Brief introduction of the input files


The Input file describes the basic information about the system and the parameters required to calculate the function. For a complete list of the input parameters, please consult this input list.

The following is an example of a Input file:

    nspin                          4
    package                        ABACUS
    fermi_energy                   9.481194886038594
    fermi_energy_unit              eV
    HR_route                       data-HR-sparse_SPIN0.csr
    SR_route                       data-SR-sparse_SPIN0.csr
    rR_route                       new-data-rR-tr_SPIN4
    HR_unit                        Ry
    rR_unit                        Bohr
    max_kpoint_num                 8000

    lattice_constant               1.8897162
    lattice_constant_unit          Bohr
    -2.069  -3.583614  0.000000
     2.069  -3.583614  0.000000
     0.000   2.389075  9.546667

    wf_collect                     0
    kpoint_mode                    line
    kpoint_num                     5
    0.00000 0.00000 0.0000 100  # G
    0.00000 0.00000 0.5000 100  # Z
    0.50000 0.50000 0.0000 100  # F
    0.00000 0.00000 0.0000 100  # G
    0.50000 0.00000 0.0000 1    # L

The Input file consists of three main sections (INPUT_PARAMETERS, LATTICE, FUNCTION), each of which is represented by the keyword + {}, namely:

    parameter  xx

The INPUT_PARAMETERS section is utilized to specify public parameters and indicate the HR, SR, and rR files required for the calculation.

The LATTICE section outlines lattice information and includes three parameters: lattice_constant, lattice_constant_unit, and lattice_vector.

The FUNCTION section lists the parameters necessary for each calculation function. These parameters differ depending on the specific function being used.


  • The keyword of the section must be capitalized, and the parameters in the section must be lowercase.

  • Each parameter value is provided by specifying the name of the input variable and then putting the value after the name, separated by one or more blank characters(space or tab).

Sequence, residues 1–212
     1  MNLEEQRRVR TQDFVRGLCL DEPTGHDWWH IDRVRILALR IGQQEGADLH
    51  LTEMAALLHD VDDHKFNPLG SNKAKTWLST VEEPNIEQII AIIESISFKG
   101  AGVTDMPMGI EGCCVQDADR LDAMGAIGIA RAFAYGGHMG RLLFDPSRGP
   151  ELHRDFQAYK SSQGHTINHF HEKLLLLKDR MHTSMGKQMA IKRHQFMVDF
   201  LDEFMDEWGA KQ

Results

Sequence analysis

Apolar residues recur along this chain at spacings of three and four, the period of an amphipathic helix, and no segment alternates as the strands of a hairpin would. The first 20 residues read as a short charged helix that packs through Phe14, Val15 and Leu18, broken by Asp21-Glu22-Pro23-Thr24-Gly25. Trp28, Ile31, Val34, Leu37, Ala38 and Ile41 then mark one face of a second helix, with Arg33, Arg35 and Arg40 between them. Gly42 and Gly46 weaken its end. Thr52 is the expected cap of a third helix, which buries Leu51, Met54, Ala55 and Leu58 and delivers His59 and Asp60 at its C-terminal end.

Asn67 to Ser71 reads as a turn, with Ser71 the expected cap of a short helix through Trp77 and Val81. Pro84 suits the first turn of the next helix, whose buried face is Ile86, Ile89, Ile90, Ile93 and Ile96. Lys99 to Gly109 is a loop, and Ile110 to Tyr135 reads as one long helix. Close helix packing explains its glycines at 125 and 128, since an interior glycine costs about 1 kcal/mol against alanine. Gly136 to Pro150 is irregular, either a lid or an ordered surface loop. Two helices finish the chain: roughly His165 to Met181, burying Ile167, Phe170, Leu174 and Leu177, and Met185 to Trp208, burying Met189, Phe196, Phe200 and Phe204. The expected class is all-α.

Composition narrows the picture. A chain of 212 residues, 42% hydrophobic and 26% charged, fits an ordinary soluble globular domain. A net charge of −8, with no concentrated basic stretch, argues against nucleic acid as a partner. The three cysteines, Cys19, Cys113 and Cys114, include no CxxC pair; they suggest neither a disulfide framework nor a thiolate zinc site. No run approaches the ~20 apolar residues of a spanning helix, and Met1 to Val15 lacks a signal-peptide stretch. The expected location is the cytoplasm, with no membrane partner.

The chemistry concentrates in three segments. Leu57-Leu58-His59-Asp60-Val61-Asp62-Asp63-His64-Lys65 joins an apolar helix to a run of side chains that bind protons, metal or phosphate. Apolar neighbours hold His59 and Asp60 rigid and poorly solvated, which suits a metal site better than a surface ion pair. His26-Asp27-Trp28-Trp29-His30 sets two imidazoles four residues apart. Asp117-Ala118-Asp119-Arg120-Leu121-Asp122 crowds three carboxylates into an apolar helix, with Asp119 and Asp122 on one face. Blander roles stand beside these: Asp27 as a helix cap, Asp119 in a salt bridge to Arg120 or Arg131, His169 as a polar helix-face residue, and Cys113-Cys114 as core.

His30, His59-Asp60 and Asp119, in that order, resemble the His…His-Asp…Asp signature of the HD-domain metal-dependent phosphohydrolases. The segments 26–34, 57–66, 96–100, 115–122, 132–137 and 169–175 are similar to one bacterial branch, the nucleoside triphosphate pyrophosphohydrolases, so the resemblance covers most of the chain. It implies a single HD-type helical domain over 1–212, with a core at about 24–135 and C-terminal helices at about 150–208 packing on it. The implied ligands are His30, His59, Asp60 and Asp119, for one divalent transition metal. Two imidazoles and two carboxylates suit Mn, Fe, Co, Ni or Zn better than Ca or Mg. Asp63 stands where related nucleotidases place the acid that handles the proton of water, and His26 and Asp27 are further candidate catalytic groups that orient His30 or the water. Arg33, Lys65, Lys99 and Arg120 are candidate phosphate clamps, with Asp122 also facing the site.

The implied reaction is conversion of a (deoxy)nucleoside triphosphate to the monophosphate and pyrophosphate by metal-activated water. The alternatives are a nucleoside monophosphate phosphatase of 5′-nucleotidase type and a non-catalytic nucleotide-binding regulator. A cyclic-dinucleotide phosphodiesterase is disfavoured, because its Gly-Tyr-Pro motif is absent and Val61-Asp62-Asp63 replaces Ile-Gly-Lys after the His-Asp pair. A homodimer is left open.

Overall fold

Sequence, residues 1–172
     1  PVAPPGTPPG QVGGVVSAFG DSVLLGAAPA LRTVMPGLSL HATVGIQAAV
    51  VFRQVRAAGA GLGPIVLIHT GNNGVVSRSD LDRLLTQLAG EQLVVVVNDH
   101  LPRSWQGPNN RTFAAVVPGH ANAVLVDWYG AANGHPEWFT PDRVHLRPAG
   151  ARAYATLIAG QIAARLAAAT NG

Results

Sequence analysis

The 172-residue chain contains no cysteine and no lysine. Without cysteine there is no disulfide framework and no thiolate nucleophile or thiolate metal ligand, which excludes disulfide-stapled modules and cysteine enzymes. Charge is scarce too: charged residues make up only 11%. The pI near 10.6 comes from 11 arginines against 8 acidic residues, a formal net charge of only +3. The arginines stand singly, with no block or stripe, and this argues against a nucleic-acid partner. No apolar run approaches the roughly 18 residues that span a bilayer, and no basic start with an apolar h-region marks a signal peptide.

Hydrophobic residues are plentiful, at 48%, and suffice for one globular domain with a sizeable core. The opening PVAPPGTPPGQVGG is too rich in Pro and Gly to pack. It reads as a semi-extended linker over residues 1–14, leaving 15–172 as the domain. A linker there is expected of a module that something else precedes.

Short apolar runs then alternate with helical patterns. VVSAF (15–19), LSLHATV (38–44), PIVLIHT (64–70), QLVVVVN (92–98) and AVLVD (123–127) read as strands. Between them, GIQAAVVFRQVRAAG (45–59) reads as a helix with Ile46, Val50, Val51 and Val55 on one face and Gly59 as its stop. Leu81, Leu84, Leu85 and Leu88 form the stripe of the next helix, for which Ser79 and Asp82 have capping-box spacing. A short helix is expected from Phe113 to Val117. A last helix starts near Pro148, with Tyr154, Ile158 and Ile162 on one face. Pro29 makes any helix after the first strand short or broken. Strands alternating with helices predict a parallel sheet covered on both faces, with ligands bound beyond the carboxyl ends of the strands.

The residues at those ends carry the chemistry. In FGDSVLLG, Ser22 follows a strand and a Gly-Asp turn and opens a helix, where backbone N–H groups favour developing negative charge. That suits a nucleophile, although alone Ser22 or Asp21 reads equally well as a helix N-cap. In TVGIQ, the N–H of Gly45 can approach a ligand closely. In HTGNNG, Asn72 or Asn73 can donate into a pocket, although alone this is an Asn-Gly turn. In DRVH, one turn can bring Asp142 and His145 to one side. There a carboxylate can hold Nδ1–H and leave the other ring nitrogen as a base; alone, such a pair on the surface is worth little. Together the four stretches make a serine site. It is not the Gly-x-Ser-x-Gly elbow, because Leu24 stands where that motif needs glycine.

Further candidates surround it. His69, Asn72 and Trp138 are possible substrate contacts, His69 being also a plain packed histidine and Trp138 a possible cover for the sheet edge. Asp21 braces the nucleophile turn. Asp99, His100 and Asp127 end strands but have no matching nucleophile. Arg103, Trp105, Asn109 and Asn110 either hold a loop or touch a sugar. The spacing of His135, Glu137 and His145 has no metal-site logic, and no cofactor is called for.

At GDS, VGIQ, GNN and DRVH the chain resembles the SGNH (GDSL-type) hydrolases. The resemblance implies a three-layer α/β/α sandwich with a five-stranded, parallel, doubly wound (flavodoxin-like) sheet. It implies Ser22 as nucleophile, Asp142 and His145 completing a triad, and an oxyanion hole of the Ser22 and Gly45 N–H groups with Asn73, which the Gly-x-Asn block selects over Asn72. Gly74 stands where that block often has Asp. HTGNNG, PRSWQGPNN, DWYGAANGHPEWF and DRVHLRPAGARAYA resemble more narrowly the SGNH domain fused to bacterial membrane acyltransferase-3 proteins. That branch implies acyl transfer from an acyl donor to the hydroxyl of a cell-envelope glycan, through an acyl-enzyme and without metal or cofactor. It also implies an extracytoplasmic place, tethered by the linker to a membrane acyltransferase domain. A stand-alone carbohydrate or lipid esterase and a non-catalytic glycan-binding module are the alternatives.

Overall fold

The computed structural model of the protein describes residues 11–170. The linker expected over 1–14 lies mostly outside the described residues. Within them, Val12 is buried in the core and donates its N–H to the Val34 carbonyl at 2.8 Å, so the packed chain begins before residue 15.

• Any line starting with # or // will be ignored. To ignore a function section, add # in front of the section name. This will cause all parameters within that function section to be ignored.

  • Proper case is required to avoid reading errors. For example, eV must not be written as ev, and Bohr must not be written as bohr.

HR, SR, rR

HR, SR, and rR are important input files for PYATB and contain information about the tight binding model, which can be generated by ABACUS.

In the PYATB program, if only the Bands module is used, it is enough to provide HR and SR, and specifying rR is not required. However, when the functions of the calculations are related to the Geometric module or Optical module, the rR file must be specified.

How to generate HR, SR, rR files using ABACUS

Run the scf calculation of ABACUS normally, specifies the parameters out_mat_hs2 and out_mat_r in the INPUT file, and three files of sparse format data-HR-sparse_SPIN0.csr, data-SR-sparse_ SPIN0.csr, data-rR-sparse.csr (and data-HR-sparse_SPIN1.csr when nspin is 2), will be generated in OUT* folder.


  • nspin=4 and nspin=1, nspin=2 output different files. nspin=4 files contain imaginary numbers, so the correct nspin parameter needs to be strictly specified when executing pyatb programs.

Format description of HR, SR, rR

We use the file data-HR-sparse_SPIN0.csr as an example to explain the format of HR. This file contains a series of \(H(R)\) matrices, where each R corresponds to an \(H(R)\) matrix. The specific format of the file is as follows:

  1. The dimension of the \(H(R)\) matrix is recorded on the first line, for example, Matrix Dimension of H(R): 270, indicating that each \(H(R)\) matrix is a 270*270 matrix.

  2. The number of R is recorded on the second line, for example, Matrix number of H(R): 97, indicating that there are a total of 97 \(H(R)\) matrices.